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Monday, Sep 24, 2018
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‘This looks bleak.’ Game 7 loss short circuits Lightning fans

TAMPA ó Nick Genovese was anxious.

The 21-year-old from Land OíLakes had come to Thunder Alley outside Amalie Arena hoping to see the Tampa Bay Lightning triumph over the Washington Capitals in Wednesday nightís Eastern Conference winner-take-all Game 7.

At stake: Tampa Bayís third trip to the Stanley Cup final.

But then the Caps took a 3-0 lead by the end of the second period.

The Boltsí once-brilliant season was headed for a painful, wrenching end.

"Itís been rough," Genovese said. "This looks bleak to say the least."

THE END: Lightningís season ends one win short of Stanley Cup final with 4-0 loss to Capitals

Adding insult to injury, it started to rain. Lightning fever was now literally and figuratively doused. Fans in Thunder Alley folded up their chairs and joined the growing exodus of fans exiting Amalie Arena.

Not everyone gave up hope.

Juan Aponte, 31, of Tampa and his daughters. Jasinya, 13, and Elauni, 14, stayed to the bitter end of what was a 4-0 loss.

"You have to," Aponte said. "Youíve got to go through the good and the bad."

Then Tampa Bayís wild ride through the NHL playoffs officially ended. The Game 7 loss deflated the 19,092 fans inside the arena and the thousands more who watched outside on two large screens in Thunder Alley.

Others, though, were buoyed by the Lightningís turnaround this season. Tampa Bay went from a team that missed last seasonís playoffs to one that went 54-23 this season, winning the most games in franchise history and the most by any NHL team this season.

Chatham Van Vanbastelaar, 29, of Tampa, stayed in his chair, under a rain parka until the final horn sounded on the Thunder Alley screens.

"Great season. Outstanding," he said. "Weíll be back next year. Canít wait."

Optimism filled the air hours before the puck dropped. Six die-hard fans waited for Gate C to open, waiting to get in.

For Thomas Schooley, 40, of Seminole, itís a pregame tradition with meaning.

"Iíve got to be the first one in," Schooley said.

In the first two games against the Washington Capitals in the Eastern Conference final, he wasnít the first in. And what happened to the Lightning?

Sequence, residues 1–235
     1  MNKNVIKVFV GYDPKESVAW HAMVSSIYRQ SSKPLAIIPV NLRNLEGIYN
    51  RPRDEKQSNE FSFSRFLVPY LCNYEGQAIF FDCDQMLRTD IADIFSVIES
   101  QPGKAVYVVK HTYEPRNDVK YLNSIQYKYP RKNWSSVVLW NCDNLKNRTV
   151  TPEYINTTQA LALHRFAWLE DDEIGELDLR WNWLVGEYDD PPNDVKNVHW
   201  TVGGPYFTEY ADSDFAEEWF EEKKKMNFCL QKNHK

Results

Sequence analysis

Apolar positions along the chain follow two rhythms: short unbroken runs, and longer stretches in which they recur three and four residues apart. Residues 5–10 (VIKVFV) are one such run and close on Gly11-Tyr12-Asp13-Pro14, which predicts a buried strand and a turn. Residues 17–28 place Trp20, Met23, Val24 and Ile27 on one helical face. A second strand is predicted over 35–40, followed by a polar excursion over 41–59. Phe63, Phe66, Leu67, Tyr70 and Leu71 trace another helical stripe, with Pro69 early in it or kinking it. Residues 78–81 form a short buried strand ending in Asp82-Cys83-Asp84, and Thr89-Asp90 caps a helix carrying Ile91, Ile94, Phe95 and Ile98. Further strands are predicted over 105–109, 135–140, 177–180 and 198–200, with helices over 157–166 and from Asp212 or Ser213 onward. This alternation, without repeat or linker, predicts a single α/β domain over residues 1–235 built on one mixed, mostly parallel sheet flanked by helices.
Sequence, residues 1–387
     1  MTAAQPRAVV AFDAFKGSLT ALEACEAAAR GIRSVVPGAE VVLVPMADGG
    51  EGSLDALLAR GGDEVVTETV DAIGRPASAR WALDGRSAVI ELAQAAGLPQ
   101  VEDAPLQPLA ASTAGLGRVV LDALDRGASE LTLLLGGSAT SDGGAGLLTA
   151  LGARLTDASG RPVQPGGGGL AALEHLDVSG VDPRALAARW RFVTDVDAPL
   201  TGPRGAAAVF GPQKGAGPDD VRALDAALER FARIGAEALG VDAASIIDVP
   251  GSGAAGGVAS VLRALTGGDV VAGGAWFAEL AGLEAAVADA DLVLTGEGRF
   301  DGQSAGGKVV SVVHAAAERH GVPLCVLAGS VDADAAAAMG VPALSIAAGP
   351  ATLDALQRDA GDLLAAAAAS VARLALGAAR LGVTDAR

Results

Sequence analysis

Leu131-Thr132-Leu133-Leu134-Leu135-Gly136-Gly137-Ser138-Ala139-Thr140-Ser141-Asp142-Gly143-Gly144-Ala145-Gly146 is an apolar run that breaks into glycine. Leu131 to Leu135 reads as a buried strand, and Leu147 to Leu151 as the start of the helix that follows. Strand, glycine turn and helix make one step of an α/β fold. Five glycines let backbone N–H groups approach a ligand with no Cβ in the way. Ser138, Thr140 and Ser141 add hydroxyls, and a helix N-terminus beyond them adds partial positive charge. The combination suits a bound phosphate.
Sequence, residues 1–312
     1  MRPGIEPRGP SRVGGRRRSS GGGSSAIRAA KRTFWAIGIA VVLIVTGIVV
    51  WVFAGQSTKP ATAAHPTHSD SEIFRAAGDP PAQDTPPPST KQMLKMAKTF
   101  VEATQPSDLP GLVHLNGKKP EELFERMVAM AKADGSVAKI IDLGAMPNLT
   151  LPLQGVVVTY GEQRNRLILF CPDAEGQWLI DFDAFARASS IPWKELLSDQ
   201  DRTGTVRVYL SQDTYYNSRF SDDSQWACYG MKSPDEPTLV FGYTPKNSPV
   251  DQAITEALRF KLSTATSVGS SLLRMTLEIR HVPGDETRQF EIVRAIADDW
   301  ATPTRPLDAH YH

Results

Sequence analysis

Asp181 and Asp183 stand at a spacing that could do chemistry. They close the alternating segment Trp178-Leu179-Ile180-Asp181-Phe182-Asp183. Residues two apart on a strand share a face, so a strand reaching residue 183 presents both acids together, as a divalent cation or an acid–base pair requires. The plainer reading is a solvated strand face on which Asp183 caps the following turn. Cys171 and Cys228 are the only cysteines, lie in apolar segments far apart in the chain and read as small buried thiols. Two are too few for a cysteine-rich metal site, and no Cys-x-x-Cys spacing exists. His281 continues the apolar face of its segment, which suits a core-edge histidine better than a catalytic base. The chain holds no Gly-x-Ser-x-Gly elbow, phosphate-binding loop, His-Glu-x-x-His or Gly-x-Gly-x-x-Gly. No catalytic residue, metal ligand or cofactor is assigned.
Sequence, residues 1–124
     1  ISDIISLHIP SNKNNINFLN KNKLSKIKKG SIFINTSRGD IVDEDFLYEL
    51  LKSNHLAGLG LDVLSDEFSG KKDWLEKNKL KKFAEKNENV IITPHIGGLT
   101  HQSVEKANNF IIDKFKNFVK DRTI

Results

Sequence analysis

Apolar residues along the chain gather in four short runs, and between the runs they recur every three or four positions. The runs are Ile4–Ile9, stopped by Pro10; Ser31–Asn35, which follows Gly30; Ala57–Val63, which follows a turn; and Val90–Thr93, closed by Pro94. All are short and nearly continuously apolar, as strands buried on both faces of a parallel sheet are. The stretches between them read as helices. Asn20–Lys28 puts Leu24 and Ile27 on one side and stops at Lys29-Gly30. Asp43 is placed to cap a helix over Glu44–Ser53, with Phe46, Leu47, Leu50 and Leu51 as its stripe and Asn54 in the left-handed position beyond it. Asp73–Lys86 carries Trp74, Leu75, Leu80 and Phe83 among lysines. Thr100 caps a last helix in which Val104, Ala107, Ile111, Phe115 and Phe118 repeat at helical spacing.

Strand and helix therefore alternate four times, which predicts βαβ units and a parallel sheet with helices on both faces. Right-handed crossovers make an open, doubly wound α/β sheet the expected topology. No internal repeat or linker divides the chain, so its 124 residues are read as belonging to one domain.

"They lost," Schooley said. "In Game 5, I was first and we won."

His fellow die-hards ó Schooley Ginger Barron, 36; Serena DíSouza, 35; Adrian DíSouza, 41; Stephanie Llanes, 44; and Nicole Vliet, 35 ó live all over central Florida and sit all over the arena.

Gathering together hours before the gate opens is what unites them. Theyíre also united in a Facebook group "Thunderbolts" created two years ago by Schooley. It has 2,600 members, but is closed to "trash-talking" fans from other teams.

Barron had "good butterflies" two hours before the puck dropped.

"I havenít vomited," Schooley said. "Thatís a good sign."

Across Channelside Drive, at Fergís Live, Michelle Peatee, 34, Jeremy Kephart, 38 and Rob Finch, 40, were standing in the packed bar drinking a bucket of Bud Lite before gametime.

The St. Petersburg residents said the Lightning werenít just Tampaís team.

"We love them over in St. Pete," said Kephart. "There are watch parties everywhere."

In the last of more than a dozen rows of folding chairs set up in front of the projection area in Thunder Alley outside the arena, Tampaís Candace Mills celebrated her 21st birthday with her mother, Avlyn.

It was the first trip to Thunder Alley for the Mills. Candace Mills, wearing Lightning earrings, enjoyed the festive atmosphere, DJ and food.

"This is exciting," she said. "Itís hard to believe itís a Wednesday night."

By 7:20 p.m. Thunder Alley was jammed full of blue and white clad fans as were nearby bars. Fans streamed out of streetcars on Channelside Drive.

"Go Bolts!" screamed one burly middle-aged man clad in a Vasilevsky jersey who only identified himself as "Brandon Jack:"

"Címon Tampa, letís go!"

Maybe next season.

   
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